Birmingham will become one of the worst storm-ravaged cities in the UK as a result of climate change, a report warns.
The city will be hit by an increasing number of winter storms, with high winds a major feature, environmental group WWF said.
The Stormy Europe report names Birmingham as one of the three worst affected UK cities in an analysis which predicts winter storms will increase by 25 per cent in the UK as a result of climate change.
Overall the UK will suffer the biggest increase in storms by the end of the century of the seven European countries analysed - the others are Poland, Germany, Netherlands, Spain, Italy and France.
The UK will be hit by ten extra severe storms over a 30-year period between 2071 and 2100, if climate change continues to go unchecked.
Top wind speeds will increase by 8-16 per cent, with Birmingham, London and Swansea set to bear the brunt of the worst of the predicted extreme conditions.
High winds and storm force conditions will also bring major damage and financial losses to the UK and Birmingham with increased risk of property damage and disruption to services.
The findings come in the wake of Birmingham's recent experience of extreme weather events, which saw two tornados hit the city in the space of three months last year.
The first, and worst, whirlwind last July, saw about 5,000 properties damaged with an estimated clean-up bill of over £4.3 million.
Sam Durham, WWF's regional campaigns officer for the Midlands, said: "This report shows that the UK and Birmingham in particular will be in the firing line of future severe winter storms. We have to take urgent action to reduce carbon dioxide emissions, in order to protect people and their properties from devastating storms."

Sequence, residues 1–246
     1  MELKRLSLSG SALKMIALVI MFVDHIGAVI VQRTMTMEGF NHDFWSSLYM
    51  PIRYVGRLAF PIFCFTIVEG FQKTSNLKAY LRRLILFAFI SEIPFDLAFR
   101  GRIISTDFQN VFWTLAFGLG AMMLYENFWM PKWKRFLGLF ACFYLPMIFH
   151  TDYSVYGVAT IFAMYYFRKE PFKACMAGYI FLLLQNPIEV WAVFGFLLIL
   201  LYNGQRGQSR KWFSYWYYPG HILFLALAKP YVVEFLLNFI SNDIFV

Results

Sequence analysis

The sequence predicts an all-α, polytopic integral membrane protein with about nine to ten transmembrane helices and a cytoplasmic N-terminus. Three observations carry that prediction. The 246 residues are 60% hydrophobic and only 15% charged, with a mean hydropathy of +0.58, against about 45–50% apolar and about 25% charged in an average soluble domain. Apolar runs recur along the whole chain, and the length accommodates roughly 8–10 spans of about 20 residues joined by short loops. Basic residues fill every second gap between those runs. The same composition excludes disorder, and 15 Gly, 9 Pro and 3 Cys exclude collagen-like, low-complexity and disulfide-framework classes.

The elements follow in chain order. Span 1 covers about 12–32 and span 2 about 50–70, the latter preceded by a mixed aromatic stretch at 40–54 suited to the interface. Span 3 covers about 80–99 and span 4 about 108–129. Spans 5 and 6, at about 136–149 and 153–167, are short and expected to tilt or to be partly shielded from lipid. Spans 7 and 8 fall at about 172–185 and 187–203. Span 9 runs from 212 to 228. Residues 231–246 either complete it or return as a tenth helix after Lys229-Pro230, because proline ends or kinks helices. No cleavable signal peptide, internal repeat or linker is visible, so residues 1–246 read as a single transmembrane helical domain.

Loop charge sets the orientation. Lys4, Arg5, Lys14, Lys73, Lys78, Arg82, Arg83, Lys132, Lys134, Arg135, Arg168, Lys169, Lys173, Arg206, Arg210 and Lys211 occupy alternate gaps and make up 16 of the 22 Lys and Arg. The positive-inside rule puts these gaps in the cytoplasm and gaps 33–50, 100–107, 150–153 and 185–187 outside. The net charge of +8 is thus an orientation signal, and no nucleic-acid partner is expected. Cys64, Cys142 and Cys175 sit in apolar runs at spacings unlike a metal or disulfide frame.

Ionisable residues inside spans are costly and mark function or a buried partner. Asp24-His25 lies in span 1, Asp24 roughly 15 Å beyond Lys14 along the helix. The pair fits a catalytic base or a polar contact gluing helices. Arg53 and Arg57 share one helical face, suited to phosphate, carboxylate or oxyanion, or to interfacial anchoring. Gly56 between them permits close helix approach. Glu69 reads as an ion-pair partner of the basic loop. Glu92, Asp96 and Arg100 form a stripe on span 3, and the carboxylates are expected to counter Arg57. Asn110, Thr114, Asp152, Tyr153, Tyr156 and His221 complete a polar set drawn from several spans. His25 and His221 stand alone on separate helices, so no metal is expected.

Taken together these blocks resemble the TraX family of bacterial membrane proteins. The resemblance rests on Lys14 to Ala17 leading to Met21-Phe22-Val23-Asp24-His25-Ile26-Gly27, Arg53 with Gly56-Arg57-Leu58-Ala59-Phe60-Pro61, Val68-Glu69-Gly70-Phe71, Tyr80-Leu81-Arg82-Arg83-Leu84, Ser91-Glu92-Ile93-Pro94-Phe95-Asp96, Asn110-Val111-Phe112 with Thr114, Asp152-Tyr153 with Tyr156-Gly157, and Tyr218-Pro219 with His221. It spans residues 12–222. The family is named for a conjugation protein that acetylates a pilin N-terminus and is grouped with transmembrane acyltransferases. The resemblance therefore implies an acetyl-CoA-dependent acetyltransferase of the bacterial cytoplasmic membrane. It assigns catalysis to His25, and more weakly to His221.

WWF's report looked at three parameters to compare the countries - the increase in severe winter storms, the increase in the number of days with extremely high wind speeds and the increase in maximum wind speeds.
Meanwhile, a second climate change report from English Nature predicts average daily temperatures will rise by up to 5C in the region by 2080. Winter rainfall could rise by up to 30 per cent with summer rainfall decreasing by up to 60 per cent.
It warns the changes would have a huge impact on wildlife, with water sensitive species facing extinction. Species preferring warmer or drier summer conditions could prosper.
Wetlands such as the Shropshire meres and mosses may suffer from reduced water levels and water quality, placing the great crested newt under threat.
Parkland and veteran trees may also become more vulnerable through drought and increased windiness.
Peter Shirley, regional director of West Midland Wildlife Trusts, told a biodiversity conference in Birmingham yesterday that some species would be at risk.
"If it gets warmer then birds such as warblers and blue tits could do better.
"With warmer temperatures things will get drier and wetland species will lose out."